Zambia is a landlocked country in the central African plateau bordering eight other countries. The goal of Feed the Future in Zambia is to sustainably reduce poverty and hunger, as evidenced through a decrease in both the prevalence of poverty and underweight children under-five years of age. The objective of the Zambian Feed the Future program is diversification of production, incomes, and nutrition.
More details can be found in Zambia Feed the Future Multi-Year Strategy 2011-2015.
During a week-long visit in Zambia in November 2016, the GCAN team presented key climate-gender-nutrition linkages to the USAID Mission. Productive discussions took place between the GCAN team and USAID Mission staff on priorities and potential research topics that would inform USAID's programming in Zambia. The GCAN team also met with local implementing partners and stakeholders to gather information on current initiatives related to climate-gender-nutrition linkages in Zambia. GCAN presentation to Zambia USAID Mission slide deck
Climate change is a substantial threat to sustainable development in Zambia, a country experiencing weather hazards, drought and dry spells, seasonal and flash floods, and extreme temperatures that may well increase under climate change. Achieving the goals of Feed the Future and the Global Food Security Strategy requires careful consideration of the impact of relevant climate science on agricultural production, while at the same time considering other cross-cutting issues that influence agriculture-led poverty alleviation, resilience, and nutrition—such as gender. This policy note summarizes assessments of these linkages for Zambia under GCAN.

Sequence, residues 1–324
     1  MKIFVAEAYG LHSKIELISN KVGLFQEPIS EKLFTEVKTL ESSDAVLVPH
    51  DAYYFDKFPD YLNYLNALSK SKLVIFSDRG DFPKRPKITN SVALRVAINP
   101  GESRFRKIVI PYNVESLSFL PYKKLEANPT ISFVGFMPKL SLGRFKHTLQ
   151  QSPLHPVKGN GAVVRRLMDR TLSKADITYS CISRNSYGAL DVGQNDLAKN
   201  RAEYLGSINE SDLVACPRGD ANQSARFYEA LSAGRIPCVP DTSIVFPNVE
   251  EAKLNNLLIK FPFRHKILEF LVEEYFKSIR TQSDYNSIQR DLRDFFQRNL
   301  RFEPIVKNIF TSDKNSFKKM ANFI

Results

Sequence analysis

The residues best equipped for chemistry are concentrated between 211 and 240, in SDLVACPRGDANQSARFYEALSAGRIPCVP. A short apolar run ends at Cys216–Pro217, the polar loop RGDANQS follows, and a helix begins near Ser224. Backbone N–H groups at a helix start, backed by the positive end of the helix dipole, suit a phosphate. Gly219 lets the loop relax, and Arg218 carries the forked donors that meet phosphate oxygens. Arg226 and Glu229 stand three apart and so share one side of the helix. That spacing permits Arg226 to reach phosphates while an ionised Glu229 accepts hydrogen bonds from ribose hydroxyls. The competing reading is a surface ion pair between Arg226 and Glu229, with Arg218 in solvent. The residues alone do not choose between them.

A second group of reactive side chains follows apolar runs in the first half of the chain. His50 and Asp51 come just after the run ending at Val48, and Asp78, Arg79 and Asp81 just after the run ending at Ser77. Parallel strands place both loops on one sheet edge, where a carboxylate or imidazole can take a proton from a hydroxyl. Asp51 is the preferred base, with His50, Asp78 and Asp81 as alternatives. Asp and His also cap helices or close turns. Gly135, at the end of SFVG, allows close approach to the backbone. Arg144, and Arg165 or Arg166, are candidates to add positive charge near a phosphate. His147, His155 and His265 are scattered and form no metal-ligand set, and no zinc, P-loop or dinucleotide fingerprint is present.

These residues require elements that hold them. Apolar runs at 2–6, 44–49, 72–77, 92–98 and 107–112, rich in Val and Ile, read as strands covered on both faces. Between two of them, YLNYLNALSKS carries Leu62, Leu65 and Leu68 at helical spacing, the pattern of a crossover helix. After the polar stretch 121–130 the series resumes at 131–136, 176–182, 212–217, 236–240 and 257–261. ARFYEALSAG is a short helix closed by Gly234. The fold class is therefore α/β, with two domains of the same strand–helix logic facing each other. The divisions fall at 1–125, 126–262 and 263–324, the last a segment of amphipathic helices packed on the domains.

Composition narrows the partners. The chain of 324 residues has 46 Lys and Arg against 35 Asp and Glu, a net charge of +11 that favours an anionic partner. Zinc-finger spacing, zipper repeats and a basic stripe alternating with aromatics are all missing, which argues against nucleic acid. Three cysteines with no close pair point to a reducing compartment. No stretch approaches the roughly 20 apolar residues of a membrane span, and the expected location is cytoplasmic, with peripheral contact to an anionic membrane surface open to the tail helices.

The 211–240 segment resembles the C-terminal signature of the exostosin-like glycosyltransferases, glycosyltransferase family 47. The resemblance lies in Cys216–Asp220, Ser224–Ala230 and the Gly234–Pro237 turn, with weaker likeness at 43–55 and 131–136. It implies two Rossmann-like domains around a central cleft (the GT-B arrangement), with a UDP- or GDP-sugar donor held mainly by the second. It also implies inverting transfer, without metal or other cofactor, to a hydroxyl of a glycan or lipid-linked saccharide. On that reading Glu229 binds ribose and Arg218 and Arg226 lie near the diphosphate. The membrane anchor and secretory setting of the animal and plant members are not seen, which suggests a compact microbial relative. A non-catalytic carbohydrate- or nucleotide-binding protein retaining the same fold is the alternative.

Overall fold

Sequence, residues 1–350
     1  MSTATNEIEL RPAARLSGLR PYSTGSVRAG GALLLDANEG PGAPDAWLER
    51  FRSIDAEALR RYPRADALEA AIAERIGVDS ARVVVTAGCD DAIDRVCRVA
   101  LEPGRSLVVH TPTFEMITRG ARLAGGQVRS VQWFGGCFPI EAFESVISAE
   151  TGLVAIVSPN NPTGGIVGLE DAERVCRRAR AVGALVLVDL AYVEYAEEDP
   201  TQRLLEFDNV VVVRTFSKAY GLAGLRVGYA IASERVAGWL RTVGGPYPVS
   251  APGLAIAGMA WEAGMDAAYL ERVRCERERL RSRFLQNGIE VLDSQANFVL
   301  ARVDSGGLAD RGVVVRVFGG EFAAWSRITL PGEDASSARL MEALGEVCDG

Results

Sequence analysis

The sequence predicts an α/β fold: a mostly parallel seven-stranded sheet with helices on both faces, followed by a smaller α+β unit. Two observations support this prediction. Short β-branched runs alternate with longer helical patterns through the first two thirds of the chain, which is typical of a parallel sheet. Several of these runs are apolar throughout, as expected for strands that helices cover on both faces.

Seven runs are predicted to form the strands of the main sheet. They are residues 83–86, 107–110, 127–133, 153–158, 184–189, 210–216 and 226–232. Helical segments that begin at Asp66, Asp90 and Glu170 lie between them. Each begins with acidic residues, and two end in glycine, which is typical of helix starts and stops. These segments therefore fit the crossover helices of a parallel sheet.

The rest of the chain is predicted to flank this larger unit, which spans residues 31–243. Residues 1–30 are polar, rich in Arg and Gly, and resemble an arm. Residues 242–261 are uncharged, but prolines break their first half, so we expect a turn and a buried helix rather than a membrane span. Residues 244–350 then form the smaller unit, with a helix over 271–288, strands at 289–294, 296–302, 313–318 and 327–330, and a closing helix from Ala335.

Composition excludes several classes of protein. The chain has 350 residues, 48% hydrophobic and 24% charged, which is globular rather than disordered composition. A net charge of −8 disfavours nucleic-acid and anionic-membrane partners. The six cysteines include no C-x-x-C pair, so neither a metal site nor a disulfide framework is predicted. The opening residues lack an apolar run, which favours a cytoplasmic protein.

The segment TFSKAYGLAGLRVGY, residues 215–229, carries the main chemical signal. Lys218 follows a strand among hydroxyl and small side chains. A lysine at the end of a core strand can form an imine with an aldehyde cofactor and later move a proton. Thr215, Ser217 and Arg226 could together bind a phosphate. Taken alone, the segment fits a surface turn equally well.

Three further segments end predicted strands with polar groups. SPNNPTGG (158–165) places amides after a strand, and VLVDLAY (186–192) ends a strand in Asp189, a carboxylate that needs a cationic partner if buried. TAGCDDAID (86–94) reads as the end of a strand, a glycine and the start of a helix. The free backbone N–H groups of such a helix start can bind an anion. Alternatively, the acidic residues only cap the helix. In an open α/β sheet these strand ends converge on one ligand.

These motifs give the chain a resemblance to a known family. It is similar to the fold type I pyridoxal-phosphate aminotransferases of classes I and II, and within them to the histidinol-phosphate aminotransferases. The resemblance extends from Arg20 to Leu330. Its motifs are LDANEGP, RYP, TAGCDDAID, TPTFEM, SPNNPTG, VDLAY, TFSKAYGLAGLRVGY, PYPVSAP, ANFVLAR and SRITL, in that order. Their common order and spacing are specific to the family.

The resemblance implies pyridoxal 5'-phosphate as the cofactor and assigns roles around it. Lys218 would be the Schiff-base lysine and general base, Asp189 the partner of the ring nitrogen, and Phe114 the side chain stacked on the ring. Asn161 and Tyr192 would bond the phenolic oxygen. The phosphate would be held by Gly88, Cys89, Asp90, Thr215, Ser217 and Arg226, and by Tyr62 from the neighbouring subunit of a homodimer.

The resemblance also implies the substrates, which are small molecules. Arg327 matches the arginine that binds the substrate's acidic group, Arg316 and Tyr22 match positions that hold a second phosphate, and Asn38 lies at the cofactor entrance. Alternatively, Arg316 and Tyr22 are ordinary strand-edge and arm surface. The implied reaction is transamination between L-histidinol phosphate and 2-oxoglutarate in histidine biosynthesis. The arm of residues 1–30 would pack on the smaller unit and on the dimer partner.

The team processed the Feed the Future baseline and interim datasets for Zambia, applying standard processing methods to enhance their accessibility, interoperability, and comparison with other FTF datasets. This work entailed standardization of variable names and labels, the creation of derived socio-economic indicators such as dietary diversity scores, household dependency ratios, and household age and gender composition variables. Moreover, the provision of household GIS coordinates (offset for confidentiality purposes) would allow users to match data at different levels. The team used and processed the Rural Agricultural Livelihood Survey (RALS) 2012 and 2015, although the dataset at the unit-level cannot be shared as of yet pending confirmation of the data sharing agreements with the data provider.
To showcase the use of Feed-the-Future Open Agriculture and Nutrition Datasets in agricultural research and development, IFPRI's Gender, Climate Change and Nutrition Integration Initiative (GCAN) organized the second Feed the Future DATATHON to make household-level data more accessible and interoperable with other databases, and in particular with spatially explicit, biophysical data layers.